But Stevens himself, and others in the industry, may forever feel the burn of the 2020 closings and what it felt like for the living city to echo empty. When building Circa, Stevens recounts, “When you’re building this massive project and there’s not a car on Main Street for hours, you feel it. It left some scars that will stay with me for the rest of my life, that’s for sure.” Stevens and his partners made sure to build Circa with plenty of equity so it wouldn’t be subject as much to the ups and downs of an uncertain economy; “We went into this very pro forma, very conservative. We planned for the worst of the worst and put more equity into Circa than most people would, so when the worst came, we had planned for even worse than that.” And so the business weathered the storm. But one doesn’t go into hospitality unless you love entertaining people, and the worries of a shuttered city stuck with Stevens and his peers even as the turnaround began early this year.
Stevens recounts, “The first week of February is when we saw things starting to change. I could feel it. I’m sitting down at the bar and people are coming up to me and they’re sitting there excitedly sharing, ‘It’s my first time at Circa and I got vaccinated a couple of weeks ago,’ and it became pretty apparent that tourists had some different perspectives.” They didn’t see the ups and downs in Vegas, but they saw the city coming back and were ready to join the upswing. Stevens continued, “There’s certainly some people that wanted to come to Las Vegas but weren’t willing to do it until they got vaccinated. And I’ve kind of made a joke; ‘what’s in this Pfizer vaccine? It’s like Vegas adrenaline coming out!'”
Stevens chuckled, “Because people are getting their shot whether it’s in New York, Florida, Illinois, wherever, and the next thing you know they’re on their phone booking a flight to Vegas. They’re drinking epic levels, and they’re smiling.”
With emotion, Stevens added, “It’s like they haven’t smiled in a year and a half. Seeing those smiles, it’s just awesome.”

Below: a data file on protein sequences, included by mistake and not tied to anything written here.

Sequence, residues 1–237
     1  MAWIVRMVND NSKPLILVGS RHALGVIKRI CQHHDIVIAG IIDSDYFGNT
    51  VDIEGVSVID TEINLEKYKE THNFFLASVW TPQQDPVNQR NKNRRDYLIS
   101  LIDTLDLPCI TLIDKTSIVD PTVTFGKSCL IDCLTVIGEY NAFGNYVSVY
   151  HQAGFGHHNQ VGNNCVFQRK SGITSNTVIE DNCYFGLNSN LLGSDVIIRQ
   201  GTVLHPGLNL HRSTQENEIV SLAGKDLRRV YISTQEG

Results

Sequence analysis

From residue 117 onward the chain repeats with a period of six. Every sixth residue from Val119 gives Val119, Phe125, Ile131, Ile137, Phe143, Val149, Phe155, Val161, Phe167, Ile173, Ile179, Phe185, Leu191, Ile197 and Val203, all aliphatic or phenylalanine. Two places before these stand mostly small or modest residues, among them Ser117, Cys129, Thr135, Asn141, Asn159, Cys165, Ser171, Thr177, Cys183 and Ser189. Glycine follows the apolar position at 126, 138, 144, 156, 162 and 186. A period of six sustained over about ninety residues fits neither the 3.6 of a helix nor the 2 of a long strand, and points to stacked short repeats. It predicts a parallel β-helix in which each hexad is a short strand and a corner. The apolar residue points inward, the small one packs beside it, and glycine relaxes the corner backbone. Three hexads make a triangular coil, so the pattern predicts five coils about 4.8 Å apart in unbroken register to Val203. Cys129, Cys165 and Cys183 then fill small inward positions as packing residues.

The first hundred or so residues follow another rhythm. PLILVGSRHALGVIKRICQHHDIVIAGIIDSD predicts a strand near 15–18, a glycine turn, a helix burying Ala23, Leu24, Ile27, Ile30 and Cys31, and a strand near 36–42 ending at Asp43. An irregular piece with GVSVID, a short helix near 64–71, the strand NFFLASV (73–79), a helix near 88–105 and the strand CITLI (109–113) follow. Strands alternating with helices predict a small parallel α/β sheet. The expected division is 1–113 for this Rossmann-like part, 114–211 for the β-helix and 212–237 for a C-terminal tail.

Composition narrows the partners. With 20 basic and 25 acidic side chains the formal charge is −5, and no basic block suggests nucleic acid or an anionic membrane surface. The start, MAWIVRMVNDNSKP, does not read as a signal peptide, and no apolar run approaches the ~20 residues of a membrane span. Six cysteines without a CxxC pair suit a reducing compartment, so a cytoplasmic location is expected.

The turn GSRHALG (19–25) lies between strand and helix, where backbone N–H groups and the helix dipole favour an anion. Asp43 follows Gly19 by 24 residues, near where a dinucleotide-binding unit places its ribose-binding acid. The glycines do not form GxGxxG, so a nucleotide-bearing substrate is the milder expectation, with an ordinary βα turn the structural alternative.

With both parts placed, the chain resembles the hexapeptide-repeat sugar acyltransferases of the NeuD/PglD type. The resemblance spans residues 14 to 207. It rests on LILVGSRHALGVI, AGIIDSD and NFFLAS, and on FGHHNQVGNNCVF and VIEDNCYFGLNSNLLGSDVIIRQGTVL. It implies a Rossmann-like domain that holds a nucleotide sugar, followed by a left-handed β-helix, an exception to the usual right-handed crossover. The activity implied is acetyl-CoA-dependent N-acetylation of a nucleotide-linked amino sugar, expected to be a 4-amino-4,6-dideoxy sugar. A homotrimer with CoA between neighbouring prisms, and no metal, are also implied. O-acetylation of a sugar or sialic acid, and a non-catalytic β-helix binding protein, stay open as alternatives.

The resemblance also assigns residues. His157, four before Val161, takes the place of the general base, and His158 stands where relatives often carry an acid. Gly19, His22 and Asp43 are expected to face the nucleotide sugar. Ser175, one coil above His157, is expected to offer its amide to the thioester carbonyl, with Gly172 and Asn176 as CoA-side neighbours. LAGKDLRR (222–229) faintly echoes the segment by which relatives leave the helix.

Circa isn’t the only success in Stevens’ portfolio in recent months; Circa Sports is a betting branch of the brand in several locations across Nevada, with plans to expand into other states.
Would Derek Do it All Again?
With the surge of hope in the city and the wild success of Circa, would Stevens do it all again and open another project as large and ambitious as Circa? Stevens smiled, responding, “Not now. It took us 5 years to get to this point, and we haven’t been operating very long. But I love the operating.” So for the future, Stevens adds a confident, “Yes.”
And Stevens has a number of people he trusts to turn to for advice on decisions in his life, taking in a variety of opinions and expertise. Although Stevens is at the top of both his personal game and the industry in Vegas, he’s humble and down to earth, relying on the people around him to help him make choices.
And whatever equation Stevens uses, whatever combination of intuition, training, experience, and collaboration he uses to create business plans, it’s working. Circa is a reflection of Stevens’ 30 years of visiting in Vegas. For the first 15 years, he was a consumer. Then he started jotting down notes; what worked, what didn’t. That bottom-up experience helped him see what would be needed to craft the perfect Vegas experience.
From there and working with his incredible management team, Stevens was able to make magic; “We have sold out on weekends on all our properties really, since Superbowl weekend. If you see the booking trends for the rest of the year, it’s beyond encouraging. It’s just flat out exciting. I’ve never experienced the level of bookings that we’ve had in the last 10 weeks ever, in my Las Vegas business career. Booking levels are just are huge. So when you see that booking way out, like into November and December, that tells you what to expect.”
Stevens adds that there’s always some last minute uncertainty, last minute bookings and cancelations, but, “To have this much demand for the rest of the year, it’s really tremendous. And it’s a great element of foreshadowing for what’s up for Vegas for the rest of the year.”